250GB Android tablet coming--interested?

Archos will bring out a tablet packing a 250GB hard disk drive, breaking from the conventional practice of using flash drives only.

Here's something you can't get with an iPad: 250GB of internal storage. Archos' upcoming Android "Honeycomb" 3.2 tablet will pack a 250GB hard disk drive that's been tweaked to perform more like a flash drive.

Archos G9 combines a 250GB hard disk drive with a 4GB flash drive.
Archos G9 combines a 250GB hard disk drive with a 4GB flash drive. Archos

The Archos G9 will sport a 250GB Seagate Momentus Thin 2.5-inch hard drive--a mere 7 millimeters thick. Though not as compact as a 1.8-inch HDD (like Apple once used in its MacBook Air and iPod), it's not as expensive either.

And Archos has tweaked the Seagate drive a bit to allow it to perform more like the flash drives found in practically all tablets today. 4GB of flash storage sits on top of the HDD, according to Craig TerBlanche, director of marketing for Archos in North America. Often-used data is stored in the flash component, allowing faster access than a standard 2.5-inch HDD, TerBlanche said.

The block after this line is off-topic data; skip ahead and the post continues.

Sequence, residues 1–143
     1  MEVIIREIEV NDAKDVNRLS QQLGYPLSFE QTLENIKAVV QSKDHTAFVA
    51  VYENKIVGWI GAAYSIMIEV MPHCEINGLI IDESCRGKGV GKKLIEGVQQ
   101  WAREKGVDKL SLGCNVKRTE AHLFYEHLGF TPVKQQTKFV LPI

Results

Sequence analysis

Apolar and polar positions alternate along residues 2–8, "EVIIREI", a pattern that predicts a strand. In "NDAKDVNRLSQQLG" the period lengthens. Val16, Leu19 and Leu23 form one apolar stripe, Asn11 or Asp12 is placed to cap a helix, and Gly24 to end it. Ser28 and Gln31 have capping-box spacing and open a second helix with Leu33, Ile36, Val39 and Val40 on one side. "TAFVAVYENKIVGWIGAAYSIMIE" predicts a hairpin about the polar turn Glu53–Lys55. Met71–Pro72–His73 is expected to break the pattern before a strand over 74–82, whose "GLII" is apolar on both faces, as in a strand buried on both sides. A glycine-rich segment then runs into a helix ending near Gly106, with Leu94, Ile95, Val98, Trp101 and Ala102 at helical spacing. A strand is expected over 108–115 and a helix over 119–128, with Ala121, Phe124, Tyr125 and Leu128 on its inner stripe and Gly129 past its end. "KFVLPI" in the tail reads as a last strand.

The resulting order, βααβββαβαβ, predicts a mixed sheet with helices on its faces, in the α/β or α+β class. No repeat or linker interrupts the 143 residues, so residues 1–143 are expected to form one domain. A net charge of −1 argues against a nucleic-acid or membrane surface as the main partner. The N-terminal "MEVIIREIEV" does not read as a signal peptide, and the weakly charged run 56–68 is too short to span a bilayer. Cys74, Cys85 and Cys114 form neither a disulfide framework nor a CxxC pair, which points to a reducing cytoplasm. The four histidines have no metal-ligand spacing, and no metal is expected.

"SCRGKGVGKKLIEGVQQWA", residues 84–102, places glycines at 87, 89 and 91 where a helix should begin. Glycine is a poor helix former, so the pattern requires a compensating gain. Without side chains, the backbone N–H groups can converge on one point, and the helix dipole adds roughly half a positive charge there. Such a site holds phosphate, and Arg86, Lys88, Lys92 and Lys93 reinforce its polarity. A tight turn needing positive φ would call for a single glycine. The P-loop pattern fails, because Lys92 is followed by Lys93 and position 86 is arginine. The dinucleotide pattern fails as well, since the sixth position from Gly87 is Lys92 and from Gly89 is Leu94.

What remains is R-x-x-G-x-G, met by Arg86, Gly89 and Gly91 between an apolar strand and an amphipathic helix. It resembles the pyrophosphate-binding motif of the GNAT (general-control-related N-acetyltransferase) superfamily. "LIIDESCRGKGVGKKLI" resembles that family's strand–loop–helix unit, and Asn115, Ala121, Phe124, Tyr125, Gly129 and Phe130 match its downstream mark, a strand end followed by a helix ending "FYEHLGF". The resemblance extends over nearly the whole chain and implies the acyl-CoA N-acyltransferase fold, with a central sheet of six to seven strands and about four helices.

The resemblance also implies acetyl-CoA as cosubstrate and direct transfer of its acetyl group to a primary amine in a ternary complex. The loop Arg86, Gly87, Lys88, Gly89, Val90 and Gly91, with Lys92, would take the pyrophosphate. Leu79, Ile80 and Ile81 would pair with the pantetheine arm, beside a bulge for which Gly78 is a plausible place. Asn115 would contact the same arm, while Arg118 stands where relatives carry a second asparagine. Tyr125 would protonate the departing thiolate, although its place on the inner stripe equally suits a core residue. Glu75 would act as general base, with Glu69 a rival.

All of this results in bigger bang for the buck. "You get 250GB for the same cost as a 32GB flash drive," he said.

Another marquee feature is the 1.5GHz Texas Instruments OMAP 4460 dual-core processor. This is the same processor that Google has approved for upcoming Android Ice Cream Sandwich devices. That means consumers can expect to see a new wave of tablets and smartphones built around the TI 4460. But Archos will likely be one of the first, as those devices aren't expected until late in the year.

The 8-inch 250GB Archos G9 will be $369.99 and the 10-inch 250GB model, $469.99. Both are due in September.

About the author

Brooke Crothers writes about mobile computer systems, including laptops, tablets, smartphones: how they define the computing experience and the hardware that makes them tick. He has served as an editor at large at CNET News and a contributing reporter to The New York Times' Bits and Technology sections. His interest in things small began when living in Tokyo in a very small apartment for a very long time.

 

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